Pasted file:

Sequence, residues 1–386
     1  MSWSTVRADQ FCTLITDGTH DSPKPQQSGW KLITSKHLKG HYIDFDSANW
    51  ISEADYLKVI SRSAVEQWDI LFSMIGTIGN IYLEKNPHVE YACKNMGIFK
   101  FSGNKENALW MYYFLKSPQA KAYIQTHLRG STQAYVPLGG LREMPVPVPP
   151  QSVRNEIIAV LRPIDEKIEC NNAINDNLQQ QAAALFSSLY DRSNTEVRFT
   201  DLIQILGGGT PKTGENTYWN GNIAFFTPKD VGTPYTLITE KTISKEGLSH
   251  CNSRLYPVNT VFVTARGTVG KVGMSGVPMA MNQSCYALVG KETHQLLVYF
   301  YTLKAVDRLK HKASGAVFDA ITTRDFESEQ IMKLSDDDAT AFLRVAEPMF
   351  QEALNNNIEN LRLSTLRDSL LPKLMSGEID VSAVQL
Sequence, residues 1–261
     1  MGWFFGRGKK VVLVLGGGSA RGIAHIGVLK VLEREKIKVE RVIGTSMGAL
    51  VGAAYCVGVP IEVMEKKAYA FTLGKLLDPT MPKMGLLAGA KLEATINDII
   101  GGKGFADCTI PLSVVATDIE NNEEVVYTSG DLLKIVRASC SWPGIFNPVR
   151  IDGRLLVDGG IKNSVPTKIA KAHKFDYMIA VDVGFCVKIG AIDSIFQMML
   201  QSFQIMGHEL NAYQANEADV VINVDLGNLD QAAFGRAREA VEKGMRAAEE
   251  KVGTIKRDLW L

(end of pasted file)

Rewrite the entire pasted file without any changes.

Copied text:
Sequence, residues 1–386
     1  MSWSTVRADQ FCTLITDGTH DSPKPQQSGW KLITSKHLKG HYIDFDSANW
    51  ISEADYLKVI SRSAVEQWDI LFSMIGTIGN IYLEKNPHVE YACKNMGIFK
   101  FSGNKENALW MYYFLKSPQA KAYIQTHLRG STQAYVPLGG LREMPVPVPP
   151  QSVRNEIIAV LRPIDEKIEC NNAINDNLQQ QAAALFSSLY DRSNTEVRFT
   201  DLIQILGGGT PKTGENTYWN GNIAFFTPKD VGTPYTLITE KTISKEGLSH
   251  CNSRLYPVNT VFVTARGTVG KVGMSGVPMA MNQSCYALVG KETHQLLVYF
   301  YTLKAVDRLK HKASGAVFDA ITTRDFESEQ IMKLSDDDAT AFLRVAEPMF
   351  QEALNNNIEN LRLSTLRDSL LPKLMSGEID VSAVQL
Sequence, residues 1–261
     1  MGWFFGRGKK VVLVLGGGSA RGIAHIGVLK VLEREKIKVE RVIGTSMGAL
    51  VGAAYCVGVP IEVMEKKAYA FTLGKLLDPT MPKMGLLAGA KLEATINDII
   101  GGKGFADCTI PLSVVATDIE NNEEVVYTSG DLLKIVRASC SWPGIFNPVR
   151  IDGRLLVDGG IKNSVPTKIA KAHKFDYMIA VDVGFCVKIG AIDSIFQMML
   201  QSFQIMGHEL NAYQANEADV VINVDLGNLD QAAFGRAREA VEKGMRAAEE
   251  KVGTIKRDLW L